When I teach golf, I always keep Mike Furyk in mind. His son Jim, winner of the Doral-Ryder Open, is one of the best players in the world, although he has a highly unorthodox swing. Mike, a PGA teaching pro, had the wisdom to leave in place what his talented son did naturally. Too often, instructors do just the opposite.
The problem is, perfect doesn't exist. Look at Bruce Lietzke, with whom I roomed when we attended Houston and who was tied for the lead at Doral in the first round before finishing ninth. He has a bad grip, takes the club way inside and loops it to the outside on his downswing. Yet no Tour player requires less practice to retain an effective, repeatable swing. That's because all those strange moves are natural to Bruce.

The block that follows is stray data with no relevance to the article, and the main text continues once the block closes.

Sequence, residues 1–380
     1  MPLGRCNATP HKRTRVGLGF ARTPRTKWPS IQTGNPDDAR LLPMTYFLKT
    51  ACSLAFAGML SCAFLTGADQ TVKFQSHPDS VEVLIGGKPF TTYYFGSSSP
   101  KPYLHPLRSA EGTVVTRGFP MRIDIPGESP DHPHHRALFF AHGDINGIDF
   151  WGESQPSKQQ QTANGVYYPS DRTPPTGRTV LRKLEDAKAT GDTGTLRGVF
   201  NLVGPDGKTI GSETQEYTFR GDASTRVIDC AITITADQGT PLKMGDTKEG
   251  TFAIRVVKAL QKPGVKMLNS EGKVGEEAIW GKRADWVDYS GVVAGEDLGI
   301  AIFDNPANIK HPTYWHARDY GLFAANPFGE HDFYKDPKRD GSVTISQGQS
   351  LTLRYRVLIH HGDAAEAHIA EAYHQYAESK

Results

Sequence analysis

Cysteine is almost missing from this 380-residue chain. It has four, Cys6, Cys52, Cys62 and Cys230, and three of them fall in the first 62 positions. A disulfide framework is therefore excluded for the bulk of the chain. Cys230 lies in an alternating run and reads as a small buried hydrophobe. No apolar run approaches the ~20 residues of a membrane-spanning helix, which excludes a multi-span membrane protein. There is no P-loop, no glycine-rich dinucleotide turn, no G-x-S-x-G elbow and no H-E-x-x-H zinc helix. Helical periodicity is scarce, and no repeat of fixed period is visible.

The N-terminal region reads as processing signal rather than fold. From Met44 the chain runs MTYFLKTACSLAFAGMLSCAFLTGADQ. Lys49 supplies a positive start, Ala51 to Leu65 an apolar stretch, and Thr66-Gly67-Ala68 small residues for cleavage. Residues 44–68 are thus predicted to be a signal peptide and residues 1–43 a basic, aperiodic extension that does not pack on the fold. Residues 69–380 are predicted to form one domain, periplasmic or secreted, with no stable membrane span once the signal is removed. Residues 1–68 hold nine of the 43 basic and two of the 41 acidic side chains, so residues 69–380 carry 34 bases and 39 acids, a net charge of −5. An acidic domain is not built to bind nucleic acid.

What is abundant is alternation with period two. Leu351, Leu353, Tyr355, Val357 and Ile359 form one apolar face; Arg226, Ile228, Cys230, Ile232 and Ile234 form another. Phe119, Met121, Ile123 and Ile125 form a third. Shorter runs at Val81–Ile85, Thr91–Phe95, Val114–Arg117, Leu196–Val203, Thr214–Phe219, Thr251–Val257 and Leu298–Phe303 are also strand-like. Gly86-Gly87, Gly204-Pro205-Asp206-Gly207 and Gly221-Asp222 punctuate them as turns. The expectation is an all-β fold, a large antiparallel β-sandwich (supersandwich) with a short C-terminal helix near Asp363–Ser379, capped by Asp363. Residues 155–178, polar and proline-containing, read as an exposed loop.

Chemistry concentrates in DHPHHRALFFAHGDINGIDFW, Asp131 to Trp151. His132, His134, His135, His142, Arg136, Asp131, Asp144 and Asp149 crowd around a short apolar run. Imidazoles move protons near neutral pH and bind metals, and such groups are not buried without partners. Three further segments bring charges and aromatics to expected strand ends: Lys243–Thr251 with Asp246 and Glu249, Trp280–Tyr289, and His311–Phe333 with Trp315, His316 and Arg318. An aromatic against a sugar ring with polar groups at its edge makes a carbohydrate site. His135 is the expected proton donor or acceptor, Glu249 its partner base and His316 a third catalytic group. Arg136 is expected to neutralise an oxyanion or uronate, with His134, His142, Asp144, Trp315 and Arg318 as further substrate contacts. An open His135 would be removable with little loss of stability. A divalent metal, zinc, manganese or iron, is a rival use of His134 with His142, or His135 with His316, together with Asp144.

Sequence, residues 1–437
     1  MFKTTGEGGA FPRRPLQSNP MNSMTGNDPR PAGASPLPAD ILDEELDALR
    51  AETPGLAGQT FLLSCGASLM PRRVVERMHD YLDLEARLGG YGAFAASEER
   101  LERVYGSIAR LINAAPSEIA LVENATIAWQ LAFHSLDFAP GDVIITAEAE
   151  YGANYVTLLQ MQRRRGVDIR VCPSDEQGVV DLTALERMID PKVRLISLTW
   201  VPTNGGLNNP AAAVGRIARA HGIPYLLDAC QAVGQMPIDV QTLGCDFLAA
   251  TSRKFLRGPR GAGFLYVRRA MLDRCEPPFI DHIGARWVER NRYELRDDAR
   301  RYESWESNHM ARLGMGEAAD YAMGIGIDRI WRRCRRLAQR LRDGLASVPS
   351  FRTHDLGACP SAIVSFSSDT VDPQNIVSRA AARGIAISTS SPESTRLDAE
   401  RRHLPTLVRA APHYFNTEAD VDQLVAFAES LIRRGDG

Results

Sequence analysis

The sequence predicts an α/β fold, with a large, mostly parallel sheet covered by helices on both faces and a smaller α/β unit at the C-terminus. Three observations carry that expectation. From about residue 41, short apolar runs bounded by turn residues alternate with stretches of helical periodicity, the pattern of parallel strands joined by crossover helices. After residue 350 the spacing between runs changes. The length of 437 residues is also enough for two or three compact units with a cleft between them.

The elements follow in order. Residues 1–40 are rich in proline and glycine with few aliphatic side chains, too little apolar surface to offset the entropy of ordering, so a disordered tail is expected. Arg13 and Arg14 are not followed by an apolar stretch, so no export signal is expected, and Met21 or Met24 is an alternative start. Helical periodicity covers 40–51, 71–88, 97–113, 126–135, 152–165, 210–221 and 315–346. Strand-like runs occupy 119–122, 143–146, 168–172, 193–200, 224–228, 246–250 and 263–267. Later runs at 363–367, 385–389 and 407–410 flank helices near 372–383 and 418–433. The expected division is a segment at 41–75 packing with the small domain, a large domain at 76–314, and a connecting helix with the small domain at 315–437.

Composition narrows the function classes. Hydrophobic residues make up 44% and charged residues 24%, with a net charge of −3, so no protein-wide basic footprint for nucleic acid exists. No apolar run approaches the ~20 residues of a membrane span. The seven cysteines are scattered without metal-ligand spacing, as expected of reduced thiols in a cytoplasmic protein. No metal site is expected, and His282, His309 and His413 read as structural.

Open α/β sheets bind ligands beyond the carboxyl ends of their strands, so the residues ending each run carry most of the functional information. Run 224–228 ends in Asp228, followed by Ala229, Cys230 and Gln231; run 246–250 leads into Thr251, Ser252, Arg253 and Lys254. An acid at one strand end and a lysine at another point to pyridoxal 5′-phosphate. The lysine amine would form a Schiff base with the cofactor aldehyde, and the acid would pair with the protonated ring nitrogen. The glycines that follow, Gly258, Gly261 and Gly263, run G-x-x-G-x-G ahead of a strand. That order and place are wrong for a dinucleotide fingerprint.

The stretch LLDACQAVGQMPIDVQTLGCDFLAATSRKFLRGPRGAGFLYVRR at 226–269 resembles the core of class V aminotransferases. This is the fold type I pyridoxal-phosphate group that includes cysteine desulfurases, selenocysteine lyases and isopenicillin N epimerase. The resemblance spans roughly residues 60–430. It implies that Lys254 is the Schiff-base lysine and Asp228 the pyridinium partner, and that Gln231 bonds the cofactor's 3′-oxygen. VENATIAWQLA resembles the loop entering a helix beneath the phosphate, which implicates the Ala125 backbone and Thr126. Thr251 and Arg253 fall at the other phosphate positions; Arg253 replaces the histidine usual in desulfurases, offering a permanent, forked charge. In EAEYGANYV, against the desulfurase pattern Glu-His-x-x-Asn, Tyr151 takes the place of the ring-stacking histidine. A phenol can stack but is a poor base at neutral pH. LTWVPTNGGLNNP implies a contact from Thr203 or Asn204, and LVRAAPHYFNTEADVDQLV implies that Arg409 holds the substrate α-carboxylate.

Colin Montgomerie has a hip slide on his backswing that 99% of modern teachers would change immediately. He takes the club back outside, way beyond parallel, and finishes as if he's holding a sack of laundry. He has also finished first on the European tour's money list for seven straight years.
The list of imperfect swingers includes Nancy Lopez, Jack Nicklaus, Arnold Palmer and Lee Trevino. Even Tiger Woods, who has made some impressive swing changes in the last two years, won a ton of tournaments with a closed club face and a left foot that jumped sideways through impact.
Here's the point: A player with a manufactured swing usually lacks one vital ingredient—athleticism. I believe that because the unique moves that are part of so many of the swings of great players are natural, the players have faith they will hold up under the gun. As Trevino explained to me, "Nobody owns his swing like I own mine."
We should remember that, by definition, greatness implies difference more than sameness. Ask Mike Furyk.